NEW DELHI: The Advertising Agencies Association of India (AAAI) has warned that a move by several leading broadcasters to withdraw from TAM, the local television rating agency, could lead to a "collapse" in TV as an advertising medium.
The Economic Times reported that NDTV group, Sony Multi-Screen Media and Times TV Network had written to TAM seeking to remove themselves from the system.
And, according to Livemint, a leading figure at one of these networks, speaking anonymously, said: "This measurement system is broken and we cannot keep paying for it."
Arvind Sharma, President AAAI and chief executive of Leo Burnett India, said that broadcasters around the world often had issues with measurement systems and argued that was not a reason to abandon them but rather to improve them.
"The move by broadcasters to discontinue with ratings is ill-advised and not in the interest of advertisers, advertising agencies or broadcasters," he stated.
"It will lead to overpaying and underpaying of advertising time, both of which will lead to a collapse of TV as an advertising medium," he added.
A statement from the AAAI outlined the need for an established ratings system that allowed advertisers to buy airtime with confidence and that enabled agencies to carry out analysis to effectively reach a brand's target audience.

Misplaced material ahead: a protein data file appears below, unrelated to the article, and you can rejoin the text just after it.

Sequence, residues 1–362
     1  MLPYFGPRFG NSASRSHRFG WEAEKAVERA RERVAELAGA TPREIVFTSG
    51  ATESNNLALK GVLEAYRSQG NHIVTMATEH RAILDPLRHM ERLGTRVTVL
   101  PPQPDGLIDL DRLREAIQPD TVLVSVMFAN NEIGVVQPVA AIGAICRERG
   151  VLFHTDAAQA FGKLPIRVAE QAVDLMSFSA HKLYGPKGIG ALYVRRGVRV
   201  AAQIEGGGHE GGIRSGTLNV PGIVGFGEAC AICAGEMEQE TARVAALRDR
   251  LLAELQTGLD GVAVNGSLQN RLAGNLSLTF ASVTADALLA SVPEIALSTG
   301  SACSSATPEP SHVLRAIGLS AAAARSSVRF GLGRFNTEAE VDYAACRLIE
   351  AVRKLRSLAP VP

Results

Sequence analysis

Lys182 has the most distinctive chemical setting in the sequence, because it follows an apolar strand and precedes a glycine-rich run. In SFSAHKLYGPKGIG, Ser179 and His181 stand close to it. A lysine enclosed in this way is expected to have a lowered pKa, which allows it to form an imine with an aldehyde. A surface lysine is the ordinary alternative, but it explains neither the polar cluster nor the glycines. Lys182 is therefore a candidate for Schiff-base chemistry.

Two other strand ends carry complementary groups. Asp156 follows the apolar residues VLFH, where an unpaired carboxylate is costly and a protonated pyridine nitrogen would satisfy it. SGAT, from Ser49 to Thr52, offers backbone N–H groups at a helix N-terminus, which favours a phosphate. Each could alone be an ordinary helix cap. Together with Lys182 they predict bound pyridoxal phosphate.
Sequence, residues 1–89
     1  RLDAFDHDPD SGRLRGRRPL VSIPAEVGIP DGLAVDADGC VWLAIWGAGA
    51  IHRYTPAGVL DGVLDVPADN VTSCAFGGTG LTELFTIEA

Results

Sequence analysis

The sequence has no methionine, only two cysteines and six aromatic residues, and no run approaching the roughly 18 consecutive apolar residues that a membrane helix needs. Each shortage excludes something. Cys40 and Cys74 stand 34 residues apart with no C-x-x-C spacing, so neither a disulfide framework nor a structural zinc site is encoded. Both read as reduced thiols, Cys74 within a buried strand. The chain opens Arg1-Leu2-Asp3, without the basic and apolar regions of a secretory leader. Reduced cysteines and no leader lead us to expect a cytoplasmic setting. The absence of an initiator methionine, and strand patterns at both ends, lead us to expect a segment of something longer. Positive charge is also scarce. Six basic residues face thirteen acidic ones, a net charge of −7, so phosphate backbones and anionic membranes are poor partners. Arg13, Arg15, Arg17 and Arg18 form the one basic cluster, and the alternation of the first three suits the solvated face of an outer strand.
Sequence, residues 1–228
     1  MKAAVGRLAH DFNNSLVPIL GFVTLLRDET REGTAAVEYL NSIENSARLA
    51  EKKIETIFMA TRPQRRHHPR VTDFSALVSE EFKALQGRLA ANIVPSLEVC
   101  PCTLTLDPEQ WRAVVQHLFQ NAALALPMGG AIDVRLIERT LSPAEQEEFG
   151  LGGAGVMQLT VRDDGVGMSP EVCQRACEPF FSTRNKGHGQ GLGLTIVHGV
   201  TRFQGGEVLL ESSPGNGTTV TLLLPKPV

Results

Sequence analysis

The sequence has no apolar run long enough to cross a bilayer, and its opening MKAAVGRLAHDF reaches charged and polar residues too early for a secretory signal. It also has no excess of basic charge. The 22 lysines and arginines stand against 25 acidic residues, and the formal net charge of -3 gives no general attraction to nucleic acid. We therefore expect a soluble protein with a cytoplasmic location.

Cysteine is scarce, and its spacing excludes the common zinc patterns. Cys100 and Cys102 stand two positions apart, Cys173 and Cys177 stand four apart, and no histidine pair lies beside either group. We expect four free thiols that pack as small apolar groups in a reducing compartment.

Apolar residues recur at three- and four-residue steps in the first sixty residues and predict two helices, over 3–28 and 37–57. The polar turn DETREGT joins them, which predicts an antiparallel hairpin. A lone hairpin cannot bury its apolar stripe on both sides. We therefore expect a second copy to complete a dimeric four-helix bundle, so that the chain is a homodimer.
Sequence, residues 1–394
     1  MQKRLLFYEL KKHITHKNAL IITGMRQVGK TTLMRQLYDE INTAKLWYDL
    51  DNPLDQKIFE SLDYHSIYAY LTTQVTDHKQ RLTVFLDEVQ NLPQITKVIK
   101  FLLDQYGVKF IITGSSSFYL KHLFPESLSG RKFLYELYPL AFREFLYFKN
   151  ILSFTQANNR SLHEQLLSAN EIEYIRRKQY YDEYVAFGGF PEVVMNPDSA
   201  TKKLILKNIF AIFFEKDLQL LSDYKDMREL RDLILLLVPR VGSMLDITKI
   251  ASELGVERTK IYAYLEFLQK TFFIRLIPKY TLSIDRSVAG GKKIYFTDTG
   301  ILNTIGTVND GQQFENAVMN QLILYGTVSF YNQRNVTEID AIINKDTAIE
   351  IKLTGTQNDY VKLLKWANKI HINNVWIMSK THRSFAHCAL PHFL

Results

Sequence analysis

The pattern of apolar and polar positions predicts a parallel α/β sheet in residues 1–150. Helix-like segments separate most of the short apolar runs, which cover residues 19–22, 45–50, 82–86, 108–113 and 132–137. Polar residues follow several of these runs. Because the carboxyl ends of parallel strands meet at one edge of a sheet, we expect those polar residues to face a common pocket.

A new rating system is planned under the auspices of the Broadcast Audience Research Council (BARC), but, Sharma noted, those were "some time away and until they are released it is critical to continue with the current system".
Several media buyers indicated their intention to continue using TAM. "Ratings are based on a sample survey and not a census, so there will be estimation errors but that does not mean the rating system should be stopped," said Sam Balsara, chairman of Madison Communications.
The issue of measurement was raised by broadcasters at the recent FICCI Frames conference when Uday Shankar, chief executive of Star India, complained he did not know how many viewers his network catered to.
"How can this industry move forward without knowing basic facts such as these?" he demanded.
And a more recent clash between broadcasters and agencies over billing methods led to TV commercials temporarily being taken off the air.
Data sourced from Economic Times, Livemint; additional content by Warc staff